The January lives of my father and me

Saturday, while sorting and boxing things in my mother’s apartment (because she’s moving into a personal care home), I came across a bag of my late father’s appointment calendars. They’re of the pocket-size type, allowing just a square or a few lines of writing per day.

Neither one of my parents are/were diarists. My father, however, was introverted, meticulous, a good writer, and he might have been, I think, in other times. But he was very busy. I suspect, in addition, he would have felt it unseemly, as a Christian, to linger over his, or others’, doings, failures, triumphs. Introspection could be a trap; in the world we’re “passing through.” But the inclination was there, even if he didn’t indulge it, and here it was, peeking out of his tiny notes in these calendars.

I couldn’t stop to read; I was sorting and boxing. But I had this moment of connection with him: In this, we’re a lot alike! Unlike him, I’ve indulged, and have many more words in notebooks by now than he ever did, but really, that’s just numbers.

Then I noticed that it was mostly the first month or two that Dad had crammed with notes, while the rest of the year was sparsely filled or blank. I smiled; I recognized this pattern too. I journal year round, but how faithfully and fully I write as the new year opens, and how many days pass unrecorded by year’s end! If I would ever write a memoir based on my journals (I’m speaking hypothetically) I’d have to call it My Life as I Lived It in January (and Part of February). That’s where all the detail is.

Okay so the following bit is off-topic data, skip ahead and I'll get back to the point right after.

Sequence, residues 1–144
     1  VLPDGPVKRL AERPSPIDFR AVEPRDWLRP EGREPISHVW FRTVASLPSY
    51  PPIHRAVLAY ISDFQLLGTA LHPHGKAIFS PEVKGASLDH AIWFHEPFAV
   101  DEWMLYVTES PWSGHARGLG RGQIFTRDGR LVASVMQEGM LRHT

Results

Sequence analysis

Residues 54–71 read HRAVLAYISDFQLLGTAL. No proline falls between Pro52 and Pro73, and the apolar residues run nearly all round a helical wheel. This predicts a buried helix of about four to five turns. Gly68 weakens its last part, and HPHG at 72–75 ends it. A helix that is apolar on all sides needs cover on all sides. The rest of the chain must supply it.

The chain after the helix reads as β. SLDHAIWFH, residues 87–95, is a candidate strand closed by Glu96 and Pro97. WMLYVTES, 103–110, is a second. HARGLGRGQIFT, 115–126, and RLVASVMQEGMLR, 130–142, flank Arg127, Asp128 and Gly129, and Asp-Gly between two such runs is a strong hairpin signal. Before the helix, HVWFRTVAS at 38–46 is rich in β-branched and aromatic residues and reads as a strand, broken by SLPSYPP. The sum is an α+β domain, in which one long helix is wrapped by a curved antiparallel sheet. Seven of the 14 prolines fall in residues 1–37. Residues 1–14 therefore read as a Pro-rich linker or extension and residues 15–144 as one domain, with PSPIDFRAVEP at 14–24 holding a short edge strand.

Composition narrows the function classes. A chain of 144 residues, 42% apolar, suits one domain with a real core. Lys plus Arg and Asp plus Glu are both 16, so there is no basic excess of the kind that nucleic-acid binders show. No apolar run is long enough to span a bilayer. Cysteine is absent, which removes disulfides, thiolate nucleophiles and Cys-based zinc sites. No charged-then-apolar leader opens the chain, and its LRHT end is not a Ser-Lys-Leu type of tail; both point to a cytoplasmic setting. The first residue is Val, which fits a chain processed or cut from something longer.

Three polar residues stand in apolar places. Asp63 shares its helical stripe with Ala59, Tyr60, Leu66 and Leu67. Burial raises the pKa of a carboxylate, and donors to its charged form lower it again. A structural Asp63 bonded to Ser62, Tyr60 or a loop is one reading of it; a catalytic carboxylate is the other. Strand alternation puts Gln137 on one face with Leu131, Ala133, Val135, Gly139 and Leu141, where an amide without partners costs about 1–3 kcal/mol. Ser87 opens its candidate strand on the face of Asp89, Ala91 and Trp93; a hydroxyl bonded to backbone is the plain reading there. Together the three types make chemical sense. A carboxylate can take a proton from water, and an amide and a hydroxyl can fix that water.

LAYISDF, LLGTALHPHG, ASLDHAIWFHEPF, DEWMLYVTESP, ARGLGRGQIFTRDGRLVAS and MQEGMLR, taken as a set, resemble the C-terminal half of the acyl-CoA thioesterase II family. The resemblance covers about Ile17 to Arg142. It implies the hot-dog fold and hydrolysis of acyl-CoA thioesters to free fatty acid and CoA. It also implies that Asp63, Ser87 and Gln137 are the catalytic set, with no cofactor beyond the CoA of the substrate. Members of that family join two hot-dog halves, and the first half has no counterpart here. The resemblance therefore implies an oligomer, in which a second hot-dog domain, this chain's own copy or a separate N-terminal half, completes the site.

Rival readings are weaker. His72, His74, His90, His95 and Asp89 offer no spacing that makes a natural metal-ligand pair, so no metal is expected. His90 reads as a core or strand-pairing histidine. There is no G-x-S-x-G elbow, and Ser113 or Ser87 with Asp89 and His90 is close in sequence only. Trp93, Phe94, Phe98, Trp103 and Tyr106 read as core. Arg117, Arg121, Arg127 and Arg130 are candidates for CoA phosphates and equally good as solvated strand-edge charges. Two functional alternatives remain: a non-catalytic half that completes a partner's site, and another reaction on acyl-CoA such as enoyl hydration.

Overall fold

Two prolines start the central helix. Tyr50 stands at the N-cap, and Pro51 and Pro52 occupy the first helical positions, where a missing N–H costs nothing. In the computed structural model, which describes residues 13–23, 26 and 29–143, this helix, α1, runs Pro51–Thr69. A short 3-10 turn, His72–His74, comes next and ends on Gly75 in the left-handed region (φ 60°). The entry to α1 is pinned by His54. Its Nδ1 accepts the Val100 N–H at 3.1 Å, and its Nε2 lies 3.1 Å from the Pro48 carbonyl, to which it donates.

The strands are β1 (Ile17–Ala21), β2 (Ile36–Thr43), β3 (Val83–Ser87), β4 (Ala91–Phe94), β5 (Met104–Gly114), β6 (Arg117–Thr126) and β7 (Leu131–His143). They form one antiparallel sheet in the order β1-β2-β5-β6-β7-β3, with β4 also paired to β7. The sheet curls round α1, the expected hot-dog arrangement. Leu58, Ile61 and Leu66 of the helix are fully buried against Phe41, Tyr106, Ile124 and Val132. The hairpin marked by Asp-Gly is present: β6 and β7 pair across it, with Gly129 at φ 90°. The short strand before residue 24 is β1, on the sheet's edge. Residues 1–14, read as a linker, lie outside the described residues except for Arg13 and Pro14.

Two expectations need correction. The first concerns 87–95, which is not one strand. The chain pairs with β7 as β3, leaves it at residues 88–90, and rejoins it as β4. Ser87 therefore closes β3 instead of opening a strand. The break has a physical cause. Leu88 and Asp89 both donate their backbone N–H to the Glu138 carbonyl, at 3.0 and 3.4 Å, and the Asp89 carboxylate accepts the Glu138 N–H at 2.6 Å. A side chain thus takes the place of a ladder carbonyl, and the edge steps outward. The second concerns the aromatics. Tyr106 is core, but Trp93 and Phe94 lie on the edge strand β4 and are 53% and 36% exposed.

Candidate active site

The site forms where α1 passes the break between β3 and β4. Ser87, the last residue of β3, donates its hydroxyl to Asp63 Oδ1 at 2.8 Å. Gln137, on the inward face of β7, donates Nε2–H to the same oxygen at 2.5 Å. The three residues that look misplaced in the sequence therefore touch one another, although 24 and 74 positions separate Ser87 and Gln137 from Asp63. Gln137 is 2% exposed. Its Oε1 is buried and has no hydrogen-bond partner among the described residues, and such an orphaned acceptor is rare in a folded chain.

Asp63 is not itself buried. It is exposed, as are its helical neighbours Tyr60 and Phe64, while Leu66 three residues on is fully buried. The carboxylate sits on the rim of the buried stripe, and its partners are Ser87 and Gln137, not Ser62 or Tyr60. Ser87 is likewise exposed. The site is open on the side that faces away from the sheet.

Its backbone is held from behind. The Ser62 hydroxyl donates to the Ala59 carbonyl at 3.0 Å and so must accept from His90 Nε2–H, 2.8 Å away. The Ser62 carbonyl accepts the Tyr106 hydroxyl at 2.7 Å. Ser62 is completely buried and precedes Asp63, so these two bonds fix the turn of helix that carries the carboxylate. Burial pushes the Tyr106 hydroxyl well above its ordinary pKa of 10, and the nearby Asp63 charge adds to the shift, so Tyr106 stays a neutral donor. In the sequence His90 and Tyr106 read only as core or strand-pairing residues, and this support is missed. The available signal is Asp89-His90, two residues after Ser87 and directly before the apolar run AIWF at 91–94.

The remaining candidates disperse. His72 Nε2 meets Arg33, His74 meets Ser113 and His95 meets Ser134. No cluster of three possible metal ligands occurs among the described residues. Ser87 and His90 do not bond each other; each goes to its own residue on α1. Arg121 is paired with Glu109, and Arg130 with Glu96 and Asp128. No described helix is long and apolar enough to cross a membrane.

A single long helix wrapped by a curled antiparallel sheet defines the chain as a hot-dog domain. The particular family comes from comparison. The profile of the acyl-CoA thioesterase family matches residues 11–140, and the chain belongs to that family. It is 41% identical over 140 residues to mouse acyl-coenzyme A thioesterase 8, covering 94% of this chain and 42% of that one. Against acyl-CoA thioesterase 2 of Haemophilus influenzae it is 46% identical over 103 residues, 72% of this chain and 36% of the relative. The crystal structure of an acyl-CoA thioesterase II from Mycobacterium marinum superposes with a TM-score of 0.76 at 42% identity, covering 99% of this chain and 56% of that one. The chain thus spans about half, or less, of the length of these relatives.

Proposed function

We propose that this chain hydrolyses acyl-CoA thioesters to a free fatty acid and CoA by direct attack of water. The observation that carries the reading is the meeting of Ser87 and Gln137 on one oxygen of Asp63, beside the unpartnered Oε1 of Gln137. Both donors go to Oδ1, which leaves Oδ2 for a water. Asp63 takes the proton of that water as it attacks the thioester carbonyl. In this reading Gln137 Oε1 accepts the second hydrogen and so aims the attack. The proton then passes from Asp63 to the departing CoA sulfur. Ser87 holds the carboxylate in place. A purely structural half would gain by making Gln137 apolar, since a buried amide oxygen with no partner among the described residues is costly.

In the middle of the somewhat melancholy task of reducing my mother’s physical world, this connection with my dad, as trivial as it may sound, was a gift. Me too! and Oh, yes, I understand! are always a gift, but especially when they cross the generations.

6 thoughts on “The January lives of my father and me

  1. What a lovely post, Dora ~ a treasure indeed to come across these connections to your dad. God be with you to comfort and reassure you during this transition time with your mom.

  2. I’m glad you found me, Dora, and that I, in turn, found you. This post reminds me of my own dad. He was always a deep thinker, and in the years before he died, he started writing more, and actually had some pieces published in the EMC Messenger and in the local paper. It was a lovely connection to know that he understood what drives a writer.

  3. Me three–on writing more faithfully in January and February. Just like what they say about gym memberships. I also noted, as I gave awayhundreds of books, that many of the underlinings ended in the middle of the book! Thanks forthe smile.

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